At EconLib. Here’s something that might surprise you, but you need the background info that when Krugman told the NYT readers that there is “just no evidence” that minimum wage hikes reduce employment, he linked to a 2010 paper by Dube et al. So with that:
If we are discussing proposals to increase the minimum wage to $10.10, then Dube et al. are telling us that they are 95-percent confident that teenage employment will fall by no more than about 6 percent.11 If, instead, we consider the more aggressive proposals to raise the minimum wage to $15 per hour, then Dube et al.’s results assure us with 95-percent confidence that the hit to teenage employment will be no worse than about 16 percent. (!) These outcomes are hardly negligible, and they are fencing in a spectrum of bad outcomes, not just an isolated (and improbable) disaster. In other words, when we translate the quotation from above into plain English, we are not saying that there is just a small probability of an awful result, but that otherwise things are fine. Rather, Dube et al. are merely placing a ceiling on how bad the employment drop will likely be.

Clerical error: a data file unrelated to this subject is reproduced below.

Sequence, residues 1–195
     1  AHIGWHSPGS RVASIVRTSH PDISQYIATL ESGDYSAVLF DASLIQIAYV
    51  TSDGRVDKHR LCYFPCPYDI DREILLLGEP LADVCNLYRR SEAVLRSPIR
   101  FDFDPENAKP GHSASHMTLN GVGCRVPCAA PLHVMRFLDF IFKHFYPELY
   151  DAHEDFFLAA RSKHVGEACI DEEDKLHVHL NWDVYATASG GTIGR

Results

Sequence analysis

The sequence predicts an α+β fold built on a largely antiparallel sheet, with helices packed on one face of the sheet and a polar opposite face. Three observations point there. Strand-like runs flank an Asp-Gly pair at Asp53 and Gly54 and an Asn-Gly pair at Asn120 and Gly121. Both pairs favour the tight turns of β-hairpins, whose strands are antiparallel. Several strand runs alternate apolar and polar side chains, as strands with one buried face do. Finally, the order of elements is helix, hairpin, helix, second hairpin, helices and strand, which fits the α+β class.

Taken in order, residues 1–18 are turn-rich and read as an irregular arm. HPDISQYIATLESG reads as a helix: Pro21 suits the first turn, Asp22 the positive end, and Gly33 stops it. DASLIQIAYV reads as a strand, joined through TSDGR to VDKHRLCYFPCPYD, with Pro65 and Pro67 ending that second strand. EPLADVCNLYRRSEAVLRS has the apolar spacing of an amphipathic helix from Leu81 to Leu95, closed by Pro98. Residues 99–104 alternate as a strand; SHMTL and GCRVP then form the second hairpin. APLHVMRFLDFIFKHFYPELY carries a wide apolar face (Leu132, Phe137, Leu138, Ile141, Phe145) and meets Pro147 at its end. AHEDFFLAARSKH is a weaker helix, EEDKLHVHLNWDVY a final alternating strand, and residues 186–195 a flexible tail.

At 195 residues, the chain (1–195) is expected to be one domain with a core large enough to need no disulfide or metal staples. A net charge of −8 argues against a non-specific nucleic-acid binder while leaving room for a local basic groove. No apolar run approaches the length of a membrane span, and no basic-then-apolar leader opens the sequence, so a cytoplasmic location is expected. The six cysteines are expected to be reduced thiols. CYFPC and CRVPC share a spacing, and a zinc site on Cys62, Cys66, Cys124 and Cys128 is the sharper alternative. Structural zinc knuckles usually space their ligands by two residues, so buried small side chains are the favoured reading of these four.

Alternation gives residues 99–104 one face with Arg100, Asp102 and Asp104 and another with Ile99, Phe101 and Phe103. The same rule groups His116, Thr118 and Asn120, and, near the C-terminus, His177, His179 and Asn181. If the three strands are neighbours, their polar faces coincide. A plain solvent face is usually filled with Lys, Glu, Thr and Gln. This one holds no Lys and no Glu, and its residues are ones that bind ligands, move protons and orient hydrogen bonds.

If that doesn’t surprise you, then you probably won’t flinch when you see me favorably mention Daniel Kuehn either.